FBI Raid Of Former Trump Campaign Manager House Fuels TV News Cycle

Trump Campaign Handed Over Thousands Of Documents To Senate Judiciary Committee Last Week

Trump Campaign Handed Over Thousands Of Documents To Senate Judiciary Committee Last Week

Manafort, who led the Trump campaign for several months, has denied any wrongdoing.

Jason Maloni, a spokesman for Manafort, confirmed that FBI agents executed a warrant at one of the political consultant's homes.

Manafort has been voluntarily producing documents to congressional committees investigating Russia's interference in the 2016 presidential election. It means they were able to prove to a magistrate judge that they had probable cause to believe that there was potential evidence of a crime, and that they were reasonably sure where they could find it. He was also a key figure in the meeting with a Russian lawyer in 2016 that claimed to have damaging information about opponent Hillary Clinton. Manafort has turned over documents to the intelligence and judiciary committees in the Senate. Committee spokesman George Hartmann said Tuesday that it received the Manafort and Trump campaign documents on Aug. 2 and the records from Trump Jr. on Friday.

The hardest reality for Trump is this: No matter how much he huffs and puffs about the investigation as a "witch hunt" or a "hoax", Mueller and his team won't curtail their operations.

Mueller has increased legal pressure on Manafort, consolidating under his authority a series of unrelated investigations into various aspects of Manafort's professional and personal life. Manafort left the Trump campaign due to his foreign ties, especially his years of work for rich pro-Russian Ukrainian politicians and Russian oligarchs with close ties to Russian president Vladimir Putin.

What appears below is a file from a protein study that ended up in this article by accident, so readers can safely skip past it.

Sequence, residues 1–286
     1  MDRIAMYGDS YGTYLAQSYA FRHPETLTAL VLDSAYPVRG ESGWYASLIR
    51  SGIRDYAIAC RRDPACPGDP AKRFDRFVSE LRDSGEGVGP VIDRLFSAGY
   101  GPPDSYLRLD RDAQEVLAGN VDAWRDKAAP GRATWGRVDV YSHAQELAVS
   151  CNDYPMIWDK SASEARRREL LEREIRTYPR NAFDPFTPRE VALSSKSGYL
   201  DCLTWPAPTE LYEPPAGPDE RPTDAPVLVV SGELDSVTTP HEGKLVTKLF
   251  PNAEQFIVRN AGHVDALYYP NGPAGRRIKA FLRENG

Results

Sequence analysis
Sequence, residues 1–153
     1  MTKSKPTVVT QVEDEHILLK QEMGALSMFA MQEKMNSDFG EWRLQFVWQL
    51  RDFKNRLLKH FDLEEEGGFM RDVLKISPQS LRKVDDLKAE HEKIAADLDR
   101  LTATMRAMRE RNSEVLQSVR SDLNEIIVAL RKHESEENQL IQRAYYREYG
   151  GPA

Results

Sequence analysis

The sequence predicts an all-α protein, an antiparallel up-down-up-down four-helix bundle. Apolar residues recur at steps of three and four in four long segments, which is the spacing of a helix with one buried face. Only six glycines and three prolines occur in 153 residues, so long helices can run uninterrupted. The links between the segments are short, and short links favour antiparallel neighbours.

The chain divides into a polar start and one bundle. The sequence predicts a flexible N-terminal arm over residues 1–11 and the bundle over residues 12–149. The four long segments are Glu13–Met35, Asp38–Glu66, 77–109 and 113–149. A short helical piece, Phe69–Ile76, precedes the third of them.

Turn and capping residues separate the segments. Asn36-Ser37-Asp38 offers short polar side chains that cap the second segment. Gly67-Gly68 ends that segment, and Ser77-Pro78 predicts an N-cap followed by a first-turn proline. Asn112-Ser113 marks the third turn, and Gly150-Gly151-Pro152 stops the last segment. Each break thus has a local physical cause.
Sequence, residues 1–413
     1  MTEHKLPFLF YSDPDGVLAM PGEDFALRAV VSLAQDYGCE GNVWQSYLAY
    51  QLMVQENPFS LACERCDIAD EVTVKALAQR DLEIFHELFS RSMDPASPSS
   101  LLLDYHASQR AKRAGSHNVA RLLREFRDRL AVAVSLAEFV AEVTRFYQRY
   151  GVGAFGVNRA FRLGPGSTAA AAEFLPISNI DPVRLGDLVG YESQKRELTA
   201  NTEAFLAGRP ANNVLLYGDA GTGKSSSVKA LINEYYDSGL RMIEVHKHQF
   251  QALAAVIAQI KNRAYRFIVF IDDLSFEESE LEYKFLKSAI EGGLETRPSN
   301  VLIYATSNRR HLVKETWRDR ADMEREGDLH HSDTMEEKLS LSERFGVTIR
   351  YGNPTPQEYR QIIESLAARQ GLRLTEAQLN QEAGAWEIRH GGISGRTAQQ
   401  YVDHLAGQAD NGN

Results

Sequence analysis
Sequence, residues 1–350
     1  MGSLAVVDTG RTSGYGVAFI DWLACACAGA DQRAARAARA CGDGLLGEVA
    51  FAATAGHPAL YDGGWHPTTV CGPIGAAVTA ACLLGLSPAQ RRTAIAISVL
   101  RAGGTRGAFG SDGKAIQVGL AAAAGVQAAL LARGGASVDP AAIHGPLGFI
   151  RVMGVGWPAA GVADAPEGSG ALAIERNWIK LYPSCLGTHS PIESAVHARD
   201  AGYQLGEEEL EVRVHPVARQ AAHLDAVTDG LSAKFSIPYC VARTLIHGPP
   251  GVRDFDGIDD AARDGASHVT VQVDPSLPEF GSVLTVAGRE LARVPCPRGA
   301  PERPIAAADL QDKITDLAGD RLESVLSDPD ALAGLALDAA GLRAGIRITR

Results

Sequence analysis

The significance of the records seized from Manafort's apartment is unclear. The listing says the house has five bedrooms and sleeps up to 20.

Then-Trump campaign chairman Paul Manafort walked around the convention floor, in July 2016, before the opening session of the Republican National Convention in Cleveland.

The driver's motive was unclear, but officials said he deliberately aimed at the soldiers, and counterterrorism authorities opened an investigation.

A spokesman for Mueller's office, Joshua Stueve, declined to comment. Those efforts were characterized as an apparent attempt to gain information that could be used to squeeze Manafort, or force him to be more helpful to prosecutors.

As part of the FBI probe, agents also have been asking witnesses since the spring about $530,000 worth of lobbying and investigative work carried out by Flynn's firm, Flynn Intel Group, according to a person familiar with the investigation.

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